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August 1980

Safety and Efficacy of a New Synthetic Burn DressingA Multicenter Study

Author Affiliations

From the Burn Center, Department of Surgery, Cornell Medical Center, New York (Drs Curreri and Desai); the Burn Center, Harborview Medical Center, University of Washington, Seattle (Dr Heimbach); the Burn Unit, Emanuel Hospital, Oregon Burn Center, Portland (Dr Parshley); the Burn Unit, San Francisco General Hospital (Dr Trunkey); and the Burn Unit, University of California at Irvine (Dr Bartlett).

Arch Surg. 1980;115(8):925-927. doi:10.1001/archsurg.1980.01380080021004

• A three-tiered, multicenter study evaluated the safety and efficacy of a new synthetic dressing for burn injuries. The first tier compared use of the test dressing with use of a conventional topical chemotherapeutic agent; the test dressing afforded greater patient comfort, equivalent control of bacterial growth, less frequent dressing change, and possibly faster reepithelialization. Drawbacks included difficulty of application, poor adherence during the first 24 hours after injury, frequent necessity to repair cracks and fissures, and inability to easily monitor burn wounds for bacterial growth. Subsequent tiers were noncomparative but included patients with more severe injuries. The test dressing may be useful in treating superficial and moderate second-degree burns of less than 20% of the total body surface area and possibly in treating iatrogenic "burn" wounds such as donor sites. Its use on third-degree burns is not recommended.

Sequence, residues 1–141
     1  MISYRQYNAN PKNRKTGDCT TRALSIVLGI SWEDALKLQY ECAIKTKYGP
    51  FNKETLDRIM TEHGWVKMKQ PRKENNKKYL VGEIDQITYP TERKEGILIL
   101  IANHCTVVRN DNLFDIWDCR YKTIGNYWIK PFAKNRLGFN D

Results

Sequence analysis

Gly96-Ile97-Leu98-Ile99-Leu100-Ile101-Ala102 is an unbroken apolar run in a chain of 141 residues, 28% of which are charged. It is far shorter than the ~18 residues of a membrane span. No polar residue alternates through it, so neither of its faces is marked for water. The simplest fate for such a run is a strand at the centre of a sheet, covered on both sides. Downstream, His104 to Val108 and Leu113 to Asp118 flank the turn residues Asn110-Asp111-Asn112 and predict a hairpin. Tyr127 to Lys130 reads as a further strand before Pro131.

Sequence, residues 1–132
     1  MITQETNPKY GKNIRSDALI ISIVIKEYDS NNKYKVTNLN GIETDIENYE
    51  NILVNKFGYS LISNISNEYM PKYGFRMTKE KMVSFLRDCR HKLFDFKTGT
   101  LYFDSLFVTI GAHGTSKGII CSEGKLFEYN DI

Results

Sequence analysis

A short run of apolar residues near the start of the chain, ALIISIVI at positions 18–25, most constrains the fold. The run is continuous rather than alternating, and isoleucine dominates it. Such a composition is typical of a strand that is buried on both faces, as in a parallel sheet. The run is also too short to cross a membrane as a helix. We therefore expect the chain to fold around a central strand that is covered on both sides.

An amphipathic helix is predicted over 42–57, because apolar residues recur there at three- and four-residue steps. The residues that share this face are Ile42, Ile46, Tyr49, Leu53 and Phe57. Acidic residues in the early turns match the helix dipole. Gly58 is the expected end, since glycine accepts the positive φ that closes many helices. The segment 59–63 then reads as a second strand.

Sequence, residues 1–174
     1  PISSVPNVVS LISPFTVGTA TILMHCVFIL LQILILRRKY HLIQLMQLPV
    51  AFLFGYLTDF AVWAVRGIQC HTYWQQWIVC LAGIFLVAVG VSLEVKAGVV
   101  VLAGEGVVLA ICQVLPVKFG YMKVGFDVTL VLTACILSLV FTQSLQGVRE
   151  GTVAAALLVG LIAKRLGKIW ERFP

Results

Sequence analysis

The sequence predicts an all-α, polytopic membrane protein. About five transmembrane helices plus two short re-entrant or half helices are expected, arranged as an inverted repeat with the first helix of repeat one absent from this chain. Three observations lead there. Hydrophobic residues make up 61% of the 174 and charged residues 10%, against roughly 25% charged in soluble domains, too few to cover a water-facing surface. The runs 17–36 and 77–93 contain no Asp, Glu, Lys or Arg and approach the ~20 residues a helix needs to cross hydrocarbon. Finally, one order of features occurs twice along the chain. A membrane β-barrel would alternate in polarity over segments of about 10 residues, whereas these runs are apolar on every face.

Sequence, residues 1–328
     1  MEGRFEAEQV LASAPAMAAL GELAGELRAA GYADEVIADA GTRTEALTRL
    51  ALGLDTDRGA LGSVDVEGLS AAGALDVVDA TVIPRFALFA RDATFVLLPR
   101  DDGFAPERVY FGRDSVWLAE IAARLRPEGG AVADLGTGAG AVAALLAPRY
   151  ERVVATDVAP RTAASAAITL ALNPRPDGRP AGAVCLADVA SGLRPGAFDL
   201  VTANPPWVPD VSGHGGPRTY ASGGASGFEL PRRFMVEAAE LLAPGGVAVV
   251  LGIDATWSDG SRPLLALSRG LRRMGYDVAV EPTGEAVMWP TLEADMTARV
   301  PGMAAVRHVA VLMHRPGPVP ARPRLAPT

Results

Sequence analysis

(Arch Surg 115:925-927, 1980)